Yet chaos theory, despite its name, does not say that everything is a hopeless and incomprehensible mess. Rather, there is a self-organizing logic lurking behind the disorder, a predictable nonlinearity--something which economist Paul Krugman has called "spooky," "eerie," and "terrifyingly exact." The logic is more difficult to describe than to detect and is not totally dissimilar to the recurrence of a theme in a piece of music. Certain characteristic patterns recur, but with infinite and unpredictable variety.
Why the 80/20 Principle Brings Good News
I want to end this introduction on a personal rather than a procedural note. I believe that the 80/20 Principle is enormously hopeful. Certainly, the principle brings home what may be evident anyway: that there is a tragic amount of waste everywhere, in the way that nature operates, in business, in society, and in our own lives. If the typical pattern is for 80 percent of results to come from 20 percent of inputs, it is necessarily typical too that 80 percent, the great majority, of inputs are having only a marginal--20 percent--impact.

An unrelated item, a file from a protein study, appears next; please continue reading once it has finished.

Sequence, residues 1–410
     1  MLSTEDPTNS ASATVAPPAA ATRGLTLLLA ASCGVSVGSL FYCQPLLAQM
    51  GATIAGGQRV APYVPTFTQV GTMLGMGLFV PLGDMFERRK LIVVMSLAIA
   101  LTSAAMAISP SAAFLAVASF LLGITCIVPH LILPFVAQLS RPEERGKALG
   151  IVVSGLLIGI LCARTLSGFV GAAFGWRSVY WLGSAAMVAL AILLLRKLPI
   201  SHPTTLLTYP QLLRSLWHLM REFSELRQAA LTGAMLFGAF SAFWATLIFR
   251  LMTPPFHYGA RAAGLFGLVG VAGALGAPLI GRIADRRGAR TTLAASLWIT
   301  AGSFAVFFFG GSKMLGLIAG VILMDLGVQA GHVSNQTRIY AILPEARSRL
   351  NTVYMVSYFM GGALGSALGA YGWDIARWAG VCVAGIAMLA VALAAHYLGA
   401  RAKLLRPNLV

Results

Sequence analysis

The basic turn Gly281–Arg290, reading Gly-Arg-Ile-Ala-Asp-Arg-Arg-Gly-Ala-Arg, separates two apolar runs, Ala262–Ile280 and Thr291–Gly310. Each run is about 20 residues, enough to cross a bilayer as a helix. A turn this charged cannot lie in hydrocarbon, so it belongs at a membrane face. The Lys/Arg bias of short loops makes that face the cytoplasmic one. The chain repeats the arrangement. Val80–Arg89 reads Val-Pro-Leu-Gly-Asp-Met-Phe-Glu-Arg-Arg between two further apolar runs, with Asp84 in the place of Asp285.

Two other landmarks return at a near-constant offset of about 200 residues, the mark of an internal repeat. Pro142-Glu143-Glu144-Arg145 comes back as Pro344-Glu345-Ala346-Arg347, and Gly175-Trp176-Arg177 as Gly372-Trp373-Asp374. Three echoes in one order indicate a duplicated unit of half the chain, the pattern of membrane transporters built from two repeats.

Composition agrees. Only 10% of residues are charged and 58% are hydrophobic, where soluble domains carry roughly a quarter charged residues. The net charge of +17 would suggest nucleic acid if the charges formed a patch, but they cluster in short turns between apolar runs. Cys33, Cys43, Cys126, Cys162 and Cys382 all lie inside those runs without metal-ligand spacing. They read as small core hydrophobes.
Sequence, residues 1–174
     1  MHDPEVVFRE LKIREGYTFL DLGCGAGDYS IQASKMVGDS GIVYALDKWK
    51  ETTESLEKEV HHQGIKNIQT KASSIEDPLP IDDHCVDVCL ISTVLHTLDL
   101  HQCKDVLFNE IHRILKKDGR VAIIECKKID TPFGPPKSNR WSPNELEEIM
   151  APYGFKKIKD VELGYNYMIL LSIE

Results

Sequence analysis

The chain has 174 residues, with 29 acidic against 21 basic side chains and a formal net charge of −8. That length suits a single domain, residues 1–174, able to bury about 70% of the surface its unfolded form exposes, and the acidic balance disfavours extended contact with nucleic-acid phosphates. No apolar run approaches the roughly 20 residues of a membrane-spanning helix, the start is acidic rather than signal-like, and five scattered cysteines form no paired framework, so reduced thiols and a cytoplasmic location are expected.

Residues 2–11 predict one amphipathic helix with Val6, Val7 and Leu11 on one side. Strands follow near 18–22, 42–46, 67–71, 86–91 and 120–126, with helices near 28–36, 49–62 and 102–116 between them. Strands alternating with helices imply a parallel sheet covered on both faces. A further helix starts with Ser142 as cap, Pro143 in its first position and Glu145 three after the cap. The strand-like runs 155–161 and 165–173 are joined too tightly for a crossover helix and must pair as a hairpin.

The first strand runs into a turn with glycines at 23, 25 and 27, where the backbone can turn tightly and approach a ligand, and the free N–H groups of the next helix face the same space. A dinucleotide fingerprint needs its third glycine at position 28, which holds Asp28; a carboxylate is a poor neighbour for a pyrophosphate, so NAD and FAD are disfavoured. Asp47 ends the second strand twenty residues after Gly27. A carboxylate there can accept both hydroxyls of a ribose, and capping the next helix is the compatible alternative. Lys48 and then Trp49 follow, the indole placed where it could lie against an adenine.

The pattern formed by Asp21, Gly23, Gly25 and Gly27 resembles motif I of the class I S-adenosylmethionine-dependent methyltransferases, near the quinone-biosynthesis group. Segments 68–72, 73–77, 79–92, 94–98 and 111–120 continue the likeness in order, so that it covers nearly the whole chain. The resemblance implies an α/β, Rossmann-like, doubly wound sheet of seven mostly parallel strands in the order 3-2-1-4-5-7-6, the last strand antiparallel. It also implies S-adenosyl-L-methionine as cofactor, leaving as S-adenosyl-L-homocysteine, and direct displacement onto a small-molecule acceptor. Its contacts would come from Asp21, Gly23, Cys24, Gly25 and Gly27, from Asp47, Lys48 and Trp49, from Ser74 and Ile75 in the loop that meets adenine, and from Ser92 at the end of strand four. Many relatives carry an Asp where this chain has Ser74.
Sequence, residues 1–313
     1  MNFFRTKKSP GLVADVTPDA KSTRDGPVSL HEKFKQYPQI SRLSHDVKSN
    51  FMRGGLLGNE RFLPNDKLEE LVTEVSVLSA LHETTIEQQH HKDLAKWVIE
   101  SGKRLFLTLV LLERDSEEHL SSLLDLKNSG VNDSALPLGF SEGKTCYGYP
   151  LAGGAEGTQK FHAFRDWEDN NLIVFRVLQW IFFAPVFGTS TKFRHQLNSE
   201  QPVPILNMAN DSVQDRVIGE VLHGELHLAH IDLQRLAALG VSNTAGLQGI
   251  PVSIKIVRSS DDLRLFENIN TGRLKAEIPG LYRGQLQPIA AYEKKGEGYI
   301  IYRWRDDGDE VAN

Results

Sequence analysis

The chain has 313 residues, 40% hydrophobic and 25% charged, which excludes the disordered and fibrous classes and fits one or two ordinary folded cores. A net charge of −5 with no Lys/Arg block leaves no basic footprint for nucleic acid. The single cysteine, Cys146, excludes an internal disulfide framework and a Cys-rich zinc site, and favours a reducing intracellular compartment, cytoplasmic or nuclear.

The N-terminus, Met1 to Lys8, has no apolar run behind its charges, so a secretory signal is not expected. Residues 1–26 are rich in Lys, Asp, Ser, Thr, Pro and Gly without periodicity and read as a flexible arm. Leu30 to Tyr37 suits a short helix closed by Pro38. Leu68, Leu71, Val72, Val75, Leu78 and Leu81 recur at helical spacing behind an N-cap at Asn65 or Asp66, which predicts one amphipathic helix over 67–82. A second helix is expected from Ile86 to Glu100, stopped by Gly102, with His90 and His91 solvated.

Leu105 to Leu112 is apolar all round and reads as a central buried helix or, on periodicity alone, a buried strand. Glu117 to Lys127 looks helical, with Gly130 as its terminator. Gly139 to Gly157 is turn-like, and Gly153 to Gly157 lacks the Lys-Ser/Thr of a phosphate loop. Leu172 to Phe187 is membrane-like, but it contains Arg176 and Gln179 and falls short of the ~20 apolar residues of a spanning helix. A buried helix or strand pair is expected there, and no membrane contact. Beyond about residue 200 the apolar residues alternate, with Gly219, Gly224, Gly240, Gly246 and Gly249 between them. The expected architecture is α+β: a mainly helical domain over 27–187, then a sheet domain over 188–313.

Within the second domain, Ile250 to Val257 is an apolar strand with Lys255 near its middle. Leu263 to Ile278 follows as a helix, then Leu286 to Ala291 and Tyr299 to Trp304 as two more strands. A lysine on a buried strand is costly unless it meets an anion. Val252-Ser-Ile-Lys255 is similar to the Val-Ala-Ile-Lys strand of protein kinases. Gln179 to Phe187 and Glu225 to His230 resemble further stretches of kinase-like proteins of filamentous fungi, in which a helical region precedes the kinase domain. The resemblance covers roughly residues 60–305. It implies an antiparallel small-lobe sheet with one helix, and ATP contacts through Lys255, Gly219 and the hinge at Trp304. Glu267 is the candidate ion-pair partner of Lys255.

The paradox is that such waste can be wonderful news, if we can use the 80/20 Principle creatively, not just to identify and castigate low productivity but to do something positive about it. There is enormous scope for improvement, by rearranging and redirecting both nature and our own lives. Improving on nature, refusing to accept the status quo, is the route of all progress: evolutionary, scientific, social, and personal. George Bernard Shaw put it well: "The reasonable man adapts himself to the world. The unreasonable one persists in trying to adapt the world to himself. Therefore all progress depends on the unreasonable man."